RICHMOND, Va. (WSET) - Virginia's attorney general is stepping into the ongoing fight over abortion and women's healthcare across the U.S.
We are seeing a disturbing wave of restrictive abortion laws being passed in states across the country.
Attorney General Mark Herring is leading 21 attorneys general in filing an amicus brief against South Carolina's six-week abortion ban.
The brief was filed in relation to Planned Parenthood South Atlantic v. Wilson and supports a lower court's ruling blocking the band, saying that South Carolina's ban harms women's healthcare.
“We are seeing a disturbing wave of restrictive abortion laws being passed in states across the country. These restrictive laws, like South Carolina’s, not only have serious negative effects on women’s healthcare overall, but they also force women to seek medical care in other states if they lose that access in their home state,” said Herring. “Reproductive healthcare decisions should be made between a woman and her healthcare provider – they should not be made by her government. As more laws restricting abortion access are passed in this country, I will do everything I can to fight them and ensure that a woman’s constitutional right to an abortion is protected.”
South Carolina passed the restriction, effectively banning abortions after six weeks and before many women even know they are pregnant, in February.
A temporary injunction was granted by a federal court after Planned Parenthood South Atlantic filed a suit challenging the restriction immediately after it was passed.
Herring argues that access to safe and legal abortion is an essential component of women’s healthcare and restrictive abortion laws, like the South Carolina Fetal Heartbeat and Protection from Abortion Act, lead to worse health outcomes for women.
The coalition also argued in its amicus brief that similar laws have harmful effects on miscarriage treatment and other healthcare needs.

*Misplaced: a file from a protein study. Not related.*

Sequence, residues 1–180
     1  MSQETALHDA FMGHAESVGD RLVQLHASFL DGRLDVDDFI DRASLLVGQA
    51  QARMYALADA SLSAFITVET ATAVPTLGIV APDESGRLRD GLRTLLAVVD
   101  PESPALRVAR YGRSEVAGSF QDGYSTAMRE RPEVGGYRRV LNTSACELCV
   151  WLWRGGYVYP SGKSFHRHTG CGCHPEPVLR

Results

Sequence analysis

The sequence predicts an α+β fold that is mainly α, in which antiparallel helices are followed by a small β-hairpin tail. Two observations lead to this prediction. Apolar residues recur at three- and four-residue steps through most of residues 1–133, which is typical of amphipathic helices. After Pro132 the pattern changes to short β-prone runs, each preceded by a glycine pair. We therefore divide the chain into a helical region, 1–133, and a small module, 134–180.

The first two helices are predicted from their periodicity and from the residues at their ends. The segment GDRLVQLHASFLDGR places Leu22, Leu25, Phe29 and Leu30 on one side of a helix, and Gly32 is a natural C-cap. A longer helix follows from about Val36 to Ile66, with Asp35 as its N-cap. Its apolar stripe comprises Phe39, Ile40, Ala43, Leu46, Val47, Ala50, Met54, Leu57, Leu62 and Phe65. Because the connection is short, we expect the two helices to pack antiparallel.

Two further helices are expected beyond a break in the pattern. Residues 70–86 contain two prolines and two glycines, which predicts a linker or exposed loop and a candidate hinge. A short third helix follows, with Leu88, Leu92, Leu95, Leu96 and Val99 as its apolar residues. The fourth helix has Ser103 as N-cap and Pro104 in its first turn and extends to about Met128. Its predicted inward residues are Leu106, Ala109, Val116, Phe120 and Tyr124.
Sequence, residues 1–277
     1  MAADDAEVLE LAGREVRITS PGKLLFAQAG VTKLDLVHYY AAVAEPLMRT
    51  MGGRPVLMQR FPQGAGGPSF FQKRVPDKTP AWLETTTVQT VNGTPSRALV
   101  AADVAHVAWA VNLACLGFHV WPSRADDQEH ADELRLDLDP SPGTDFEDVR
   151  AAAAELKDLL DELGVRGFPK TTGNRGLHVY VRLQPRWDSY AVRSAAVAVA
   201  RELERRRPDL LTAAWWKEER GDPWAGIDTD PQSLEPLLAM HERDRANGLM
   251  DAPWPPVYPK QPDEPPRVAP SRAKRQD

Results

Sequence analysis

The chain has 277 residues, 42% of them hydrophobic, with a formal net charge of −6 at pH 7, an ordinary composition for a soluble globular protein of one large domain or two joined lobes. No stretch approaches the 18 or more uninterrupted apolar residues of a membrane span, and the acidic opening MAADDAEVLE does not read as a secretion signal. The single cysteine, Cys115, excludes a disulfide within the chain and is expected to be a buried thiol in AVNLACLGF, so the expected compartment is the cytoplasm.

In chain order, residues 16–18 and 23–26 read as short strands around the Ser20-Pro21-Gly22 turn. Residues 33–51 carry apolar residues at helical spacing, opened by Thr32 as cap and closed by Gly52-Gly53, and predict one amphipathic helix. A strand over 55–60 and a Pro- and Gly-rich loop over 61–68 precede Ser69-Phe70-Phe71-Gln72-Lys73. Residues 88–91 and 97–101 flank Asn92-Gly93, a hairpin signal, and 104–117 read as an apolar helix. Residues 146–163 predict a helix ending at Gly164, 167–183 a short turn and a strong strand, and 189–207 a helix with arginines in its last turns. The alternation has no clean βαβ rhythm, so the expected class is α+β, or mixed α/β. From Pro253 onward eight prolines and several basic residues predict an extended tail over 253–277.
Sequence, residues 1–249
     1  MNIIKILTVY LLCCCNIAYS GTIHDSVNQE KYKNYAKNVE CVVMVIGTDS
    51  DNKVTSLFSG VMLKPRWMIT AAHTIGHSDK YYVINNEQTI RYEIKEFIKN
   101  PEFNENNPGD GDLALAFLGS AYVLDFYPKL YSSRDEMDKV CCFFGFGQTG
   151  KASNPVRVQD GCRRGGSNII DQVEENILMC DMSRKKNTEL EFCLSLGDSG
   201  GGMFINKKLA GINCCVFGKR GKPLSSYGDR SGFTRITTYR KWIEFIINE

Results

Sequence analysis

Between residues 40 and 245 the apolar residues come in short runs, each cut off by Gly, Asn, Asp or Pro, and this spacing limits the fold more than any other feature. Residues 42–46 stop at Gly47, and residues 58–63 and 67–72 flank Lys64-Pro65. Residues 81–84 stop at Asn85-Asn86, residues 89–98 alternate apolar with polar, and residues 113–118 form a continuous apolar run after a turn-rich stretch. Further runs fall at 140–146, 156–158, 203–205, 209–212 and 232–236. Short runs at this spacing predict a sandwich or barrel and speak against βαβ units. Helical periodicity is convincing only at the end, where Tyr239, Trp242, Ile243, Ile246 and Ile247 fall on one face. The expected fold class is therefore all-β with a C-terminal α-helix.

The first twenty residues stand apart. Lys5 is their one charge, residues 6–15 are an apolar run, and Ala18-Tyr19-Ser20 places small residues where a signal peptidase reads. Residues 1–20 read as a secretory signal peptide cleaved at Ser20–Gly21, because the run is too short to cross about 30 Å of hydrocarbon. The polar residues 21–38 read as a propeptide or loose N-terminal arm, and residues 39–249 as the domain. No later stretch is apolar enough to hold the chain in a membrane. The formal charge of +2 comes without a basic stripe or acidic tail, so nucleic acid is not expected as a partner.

Reproductive healthcare decisions should be made between a woman and her healthcare provider – they should not be made by her government.
"South Carolina’s restrictive abortion laws will cause its citizens to seek abortion care in [neighboring states], potentially straining their healthcare systems," the amicus brief says. “Given that numerous states across the country have enacted similarly restrictive or more restrictive legislation than South Carolina’s Act[and] [i]f access to safe and lawful abortions were banned in large geographic portions of the country, it would create vast 'abortion deserts' in which access to abortion care may be unobtainable for many people due to the obstacles created by the sheer distance from lawful abortion care.”
Many Republican-led states have pushed forward with efforts to restrict access to abortions but have met roadblocks in court.
The Texas law prohibits abortions once medical professionals can detect cardiac activity, which typically occurs around six weeks into a pregnancy and before most women are aware they are pregnant.
In order to evade federal courts, the Texas law allows private citizens to bring civil lawsuits in state courts against anyone involved in an abortion other than the patient.
Virginia's gubernatorial candidates voiced their opinions on the Texas law, making clear their positions on the debate.
Democrat Terry McAuliffe said he battled this issue in Virginia during his time as governor, vetoing every bill that stood in the way of women making decisions about their bodies. He said he will continue to fight on this issue.
"You know, I just fought this so hard before. We've got to stop telling women what to do with their own bodies," McAuliffe added.
Republican opponent Glenn Youngkin said he is pro-life but believes in some exceptions, something the Texas law doesn't allow for.
"For rape, incest and when the life of a mother is in jeopardy," Youngkin said.
Herring was joining by attorneys general from California, Colorado, Connecticut, Hawaii, Illinois, Maine, Maryland, Massachusetts, Michigan, Minnesota, Nevada, New Jersey, New Mexico, New York, Oregon, Pennsylvania, Rhode Island, Vermont, Washington and the District of Columbia in the amicus brief against South Carolina's abortion ban.